What Is A.M. Best?
A.M. Best is a credit rating agency focused exclusively on the worldwide insurance industry. A.M. Best assigns credit ratings that assess an insurance company's creditworthiness, which refers to the likelihood the company will default on its obligations. Consumers, financial professionals, and investors all use A.M. Best's credit ratings to help them make informed decisions.
For example, consumers will refer to A.M. Best's credit ratings to check on the financial stability and reputation of an insurance company before purchasing an insurance product. Financial professionals and investors that are looking to invest in an insurance company through a stock or bond purchase will review the company's A.M. Best ratings as part of their research and due diligence.
A.M. Best uses a ranking system to provide the marketplace with a quantified assessment of a company's financial health. The U.S. Securities and Exchange Commission (SEC) has designated the company a nationally recognized statistical rating organization.
- A.M. Best is a credit rating agency that specializes in assessing the creditworthiness of insurance companies.
- Alfred M. Best founded A.M. Best in 1899 in New York City; the company has offices in major financial centers worldwide, including London, Hong Kong, Dubai, Mexico City, Singapore, and Amsterdam.
- A.M. Best uses both qualitative and quantitative measures to assess an insurance company's ability to pay claims and meet its financial obligations.
- A.M. Best's financial strength ratings range from the highest A++ to B+, to 10 vulnerable ratings, ranging from B to S, with the lowest indicating a rating was suspended.
Understanding A.M. Best
Founded in New York City in 1899 by Alfred M. Best, the privately held company is headquartered in Oldwick, New Jersey. The company began rating insurance companies in 1899 and expanded to reporting on related news following the 1906 San Francisco earthquake.
Damage from the earthquake, which devastated much of the city, resulted in insurance claims that bankrupted 12 American companies and two more in Europe. The need for reliable information and ratings on insurers led to the company's strong growth. A.M. Best expanded to offices in the following locations: London in 1997, Hong Kong in 2000, Dubai in 2012, Mexico City in 2014, Singapore in 2015, and Amsterdam in 2018.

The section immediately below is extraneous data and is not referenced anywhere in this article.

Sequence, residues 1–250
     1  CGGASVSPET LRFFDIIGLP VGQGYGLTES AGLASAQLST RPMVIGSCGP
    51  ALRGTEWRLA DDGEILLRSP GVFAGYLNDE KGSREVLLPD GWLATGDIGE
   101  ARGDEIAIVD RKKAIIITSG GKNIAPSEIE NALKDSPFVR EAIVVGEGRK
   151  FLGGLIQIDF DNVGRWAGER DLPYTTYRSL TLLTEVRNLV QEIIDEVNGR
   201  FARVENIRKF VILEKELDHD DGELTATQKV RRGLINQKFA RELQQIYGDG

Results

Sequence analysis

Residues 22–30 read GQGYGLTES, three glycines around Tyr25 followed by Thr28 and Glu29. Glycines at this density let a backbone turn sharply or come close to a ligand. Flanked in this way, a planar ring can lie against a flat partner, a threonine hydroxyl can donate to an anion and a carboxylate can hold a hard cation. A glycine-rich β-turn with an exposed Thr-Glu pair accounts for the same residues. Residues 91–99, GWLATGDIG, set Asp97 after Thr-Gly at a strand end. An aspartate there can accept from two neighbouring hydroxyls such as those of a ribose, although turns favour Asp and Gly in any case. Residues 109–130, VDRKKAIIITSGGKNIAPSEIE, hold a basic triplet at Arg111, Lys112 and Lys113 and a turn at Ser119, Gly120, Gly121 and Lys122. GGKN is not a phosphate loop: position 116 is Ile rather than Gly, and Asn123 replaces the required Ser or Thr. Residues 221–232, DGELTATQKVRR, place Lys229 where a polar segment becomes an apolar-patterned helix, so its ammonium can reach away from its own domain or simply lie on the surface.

A.M. Best is the only credit rating agency that specializes solely in the insurance industry. Moody's, Fitch, and Standard & Poor's rate a wide range of debt instruments from both the public and private sectors in addition to insurance. A.M. Best's rating system focuses on an insurer's claims-paying ability and the credit quality of its obligations.
A.M. Best does business in more than 100 countries and assesses the creditworthiness and reports on over 16,000 insurance companies from around the world.
A.M. Best Rating System
A.M. Best issues a Best's Credit Rating (BCR) that rates both financial strength and issuer credit. The former indicates Best's assessment of an insurer's ability to meet its obligations to policyholders. It takes into account both qualitative and quantitative assessments of the balance sheet, operating performance, and business profile. Best has six secure ratings, ranging from the highest A++ to B+, and 10 vulnerable ratings, ranging from B to S, with the lowest indicating a rating was suspended.
Best's short-term credit ratings reflect the company's ability to pay commitments due in less than a year, and they range from a high of AMB1+ to a low of D (in default). Long-term credit ratings reflect the company's ability to pay its commitments maturing in more than a year, and range from AAA (exceptional) to D (in default).
Criticism of A.M. Best
In Sept. 2008, the financial market crisis hit insurance holding company American International Group (AIG) hard, as enormous losses at its derivative trading subsidiary, AIG Financial Products, threatened to bring down the entire company, including the dozens of insurance companies that it owned. The holding company's stock fell dramatically, and rating agencies were forced to quickly and aggressively cut the company's rating. The federal government took over and bailed out the company with $182 billion of financial support, which was repaid in full by the end of February 2013.
The rating agencies, including A.M. Best, were sharply criticized for not recognizing sooner the risk that AIG's aggressive trading operations created. Best cut AIG's financial strength rating to A+ (superior) from A++ (superior) and issuer credit ratings to "aa" from "aa+" as the company faced collapse.